All terrestrial planets in the Solar System have the same basic structure, such as a central metallic core (mostly iron) with a surrounding silicate mantle.
The large rocky asteroid 4 Vesta has a similar structure; possibly so does the smaller one 21 Lutetia. Another rocky asteroid 2 Pallas is about the same size as Vesta, but is significantly less dense; it appears to have never differentiated a core and a mantle. The Earth's Moon and Jupiter's moon Io have similar structures to the terrestrial planets, but Earth's Moon has a much smaller iron core. Another Jovian moon Europa has a similar density but has a significant ice layer on the surface: for this reason, it is sometimes considered an icy planet instead.
Terrestrial planets can have surface structures such as canyons, craters, mountains, volcanoes, and others, depending on the presence at any time of an erosive liquid or tectonic activity or both.
Relative masses of the terrestrial planets of the Solar System, and the Moon (shown here as Luna)
The inner planets (sizes to scale). From left to right: Earth, Mars, Venus and Mercury.
The Solar System has four terrestrial planets under the dynamical definition: Mercury, Venus, Earth and Mars. The Earth's Moon as well as Jupiter's moons Io and Europa would also count geophysically. Among these bodies, only the Earth has an active surface hydrosphere. Europa is believed to have an active hydrosphere under its ice layer.
During the formation of the Solar System, there were many terrestrial planetesimals and proto-planets, but most merged with or were ejected by the four terrestrial planets, leaving only Pallas and Vesta to survive more or less intact. These two were likely both dwarf planets in the past, but have been battered out of equilibrium shapes by impacts. Some other protoplanets began to accrete and differentiate, but suffered catastrophic collisions that left only a metallic or rocky core, like 16 Psyche or 8 Flora respectively. Many S-type and M-type asteroids may be such fragments.
The other round bodies from the asteroid belt outward are geophysically icy planets. They are similar to terrestrial planets in that they have a solid surface, but are composed of ice and rock rather than of rock and metal. These include the dwarf planets, such as Ceres, Pluto and Eris, which are found today only in the regions beyond the formation snow line where water ice was stable under direct sunlight in the early Solar System. It also includes the other round moons, which are ice-rock (e.g. Ganymede, Callisto, Titan, and Triton) or even primarily ice (e.g. Mimas, Tethys, and Iapetus). Some of these bodies are known to have subsurface hydrospheres (Ganymede, Callisto, Enceladus, and Titan), like Europa, and it is also possible for some others (e.g. Ceres, Dione, Miranda, Ariel, Triton, and Pluto). Titan even has surface bodies of liquid, albeit liquid methane rather than water. Jupiter's Ganymede, though icy, does have a metallic core like the Moon, Io, Europa, and the terrestrial planets.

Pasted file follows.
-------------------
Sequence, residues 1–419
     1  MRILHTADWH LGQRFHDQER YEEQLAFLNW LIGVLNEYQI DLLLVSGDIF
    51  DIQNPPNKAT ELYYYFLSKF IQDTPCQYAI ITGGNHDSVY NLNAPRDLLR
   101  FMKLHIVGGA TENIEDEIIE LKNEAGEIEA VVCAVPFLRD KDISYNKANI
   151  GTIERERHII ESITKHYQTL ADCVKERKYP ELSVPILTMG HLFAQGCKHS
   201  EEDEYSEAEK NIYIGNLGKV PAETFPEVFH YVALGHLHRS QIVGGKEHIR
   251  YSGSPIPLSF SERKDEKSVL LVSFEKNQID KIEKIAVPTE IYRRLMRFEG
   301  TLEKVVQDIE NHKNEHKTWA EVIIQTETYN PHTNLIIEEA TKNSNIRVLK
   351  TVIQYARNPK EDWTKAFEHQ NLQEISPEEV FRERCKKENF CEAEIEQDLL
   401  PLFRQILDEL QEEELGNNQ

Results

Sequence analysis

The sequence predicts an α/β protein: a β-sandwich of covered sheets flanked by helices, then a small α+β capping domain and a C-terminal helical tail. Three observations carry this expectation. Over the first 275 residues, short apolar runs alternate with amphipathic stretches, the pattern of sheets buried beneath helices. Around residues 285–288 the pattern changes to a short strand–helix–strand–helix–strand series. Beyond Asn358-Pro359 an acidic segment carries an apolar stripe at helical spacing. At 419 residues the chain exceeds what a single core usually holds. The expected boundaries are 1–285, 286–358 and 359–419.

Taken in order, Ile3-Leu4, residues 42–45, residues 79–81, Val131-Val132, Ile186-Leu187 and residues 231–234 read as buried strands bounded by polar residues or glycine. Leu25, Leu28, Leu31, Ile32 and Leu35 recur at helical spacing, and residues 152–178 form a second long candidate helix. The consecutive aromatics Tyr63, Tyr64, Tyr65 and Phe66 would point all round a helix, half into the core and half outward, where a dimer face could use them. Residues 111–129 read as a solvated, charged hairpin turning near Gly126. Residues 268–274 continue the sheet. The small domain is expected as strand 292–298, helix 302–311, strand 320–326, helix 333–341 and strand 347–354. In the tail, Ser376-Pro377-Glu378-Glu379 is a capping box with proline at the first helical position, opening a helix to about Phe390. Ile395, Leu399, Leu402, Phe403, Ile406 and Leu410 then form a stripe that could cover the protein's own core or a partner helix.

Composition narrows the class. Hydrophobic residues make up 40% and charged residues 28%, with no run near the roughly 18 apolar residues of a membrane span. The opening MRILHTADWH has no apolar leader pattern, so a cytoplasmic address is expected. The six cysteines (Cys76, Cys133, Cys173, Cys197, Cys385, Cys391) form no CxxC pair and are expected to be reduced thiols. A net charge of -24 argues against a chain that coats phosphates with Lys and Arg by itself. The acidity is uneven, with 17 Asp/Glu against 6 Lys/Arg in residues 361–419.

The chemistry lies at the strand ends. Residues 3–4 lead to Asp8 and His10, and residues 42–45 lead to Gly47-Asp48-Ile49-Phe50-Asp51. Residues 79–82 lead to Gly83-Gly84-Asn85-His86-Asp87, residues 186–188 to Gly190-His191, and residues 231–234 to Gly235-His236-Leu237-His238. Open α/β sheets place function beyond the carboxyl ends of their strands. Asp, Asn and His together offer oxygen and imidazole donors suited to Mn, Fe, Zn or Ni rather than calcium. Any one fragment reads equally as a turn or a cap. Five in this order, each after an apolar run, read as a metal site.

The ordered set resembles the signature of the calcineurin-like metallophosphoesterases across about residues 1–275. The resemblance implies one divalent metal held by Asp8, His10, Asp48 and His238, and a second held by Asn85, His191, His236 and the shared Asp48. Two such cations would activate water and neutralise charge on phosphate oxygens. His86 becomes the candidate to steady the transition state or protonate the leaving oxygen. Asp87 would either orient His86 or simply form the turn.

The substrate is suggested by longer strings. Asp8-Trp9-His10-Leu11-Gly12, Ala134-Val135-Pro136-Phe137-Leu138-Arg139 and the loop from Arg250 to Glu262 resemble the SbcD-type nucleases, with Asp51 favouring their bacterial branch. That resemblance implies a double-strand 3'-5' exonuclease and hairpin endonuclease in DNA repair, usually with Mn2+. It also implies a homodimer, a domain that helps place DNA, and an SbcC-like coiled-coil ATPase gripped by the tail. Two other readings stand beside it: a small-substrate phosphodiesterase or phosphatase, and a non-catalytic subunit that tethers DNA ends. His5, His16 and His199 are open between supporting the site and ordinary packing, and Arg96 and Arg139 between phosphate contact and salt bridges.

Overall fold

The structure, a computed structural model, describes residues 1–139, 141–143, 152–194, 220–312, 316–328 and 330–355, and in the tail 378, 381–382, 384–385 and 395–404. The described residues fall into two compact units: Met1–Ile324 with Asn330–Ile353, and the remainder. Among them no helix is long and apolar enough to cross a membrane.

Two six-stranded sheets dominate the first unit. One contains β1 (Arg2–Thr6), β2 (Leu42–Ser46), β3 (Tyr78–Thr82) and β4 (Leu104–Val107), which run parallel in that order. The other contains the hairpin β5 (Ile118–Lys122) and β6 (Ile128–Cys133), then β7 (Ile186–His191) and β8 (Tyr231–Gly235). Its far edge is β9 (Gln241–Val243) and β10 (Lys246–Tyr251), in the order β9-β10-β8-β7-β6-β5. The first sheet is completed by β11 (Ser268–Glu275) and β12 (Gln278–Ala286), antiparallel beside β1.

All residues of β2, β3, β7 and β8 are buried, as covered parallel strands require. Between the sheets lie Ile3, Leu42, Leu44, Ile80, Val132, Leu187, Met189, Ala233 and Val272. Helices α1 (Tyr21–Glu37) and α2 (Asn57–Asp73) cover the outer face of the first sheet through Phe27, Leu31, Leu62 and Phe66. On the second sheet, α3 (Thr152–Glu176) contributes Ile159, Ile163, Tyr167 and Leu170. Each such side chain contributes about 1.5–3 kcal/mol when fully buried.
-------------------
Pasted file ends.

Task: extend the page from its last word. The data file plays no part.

The name Terran world has been suggested to define all solid worlds (bodies assuming a rounded shape), without regard to their composition. It would thus include both terrestrial and icy planets.
The uncompressed density of a terrestrial planet is the average density its materials would have at zero pressure. A greater uncompressed density indicates greater metal content. Uncompressed density differs from the true average density (also often called "bulk" density) because compression within planet cores increases their density; the average density depends on planet size, temperature distribution, and material stiffness as well as composition.
Calculations to estimate uncompressed density inherently require a model of the planet's structure. Where there have been landers or multiple orbiting spacecraft, these models are constrained by seismological data and also moment of inertia data derived from the spacecraft orbits. Where such data is not available, uncertainties are inevitably higher.
The uncompressed density of the rounded terrestrial bodies directly orbiting the Sun trends towards lower values as the distance from the Sun increases, consistent with the temperature gradient that would have existed within the primordial solar nebula. The Galilean satellites show a similar trend going outwards from Jupiter; however, no such trend is observable for the icy satellites of Saturn or Uranus. The icy worlds typically have densities less than 2 g·cm−3. Eris is significantly denser (2.43±0.05 g·cm−3), and may be mostly rocky with some surface ice, like Europa. It is unknown whether extrasolar terrestrial planets in general will follow such a trend.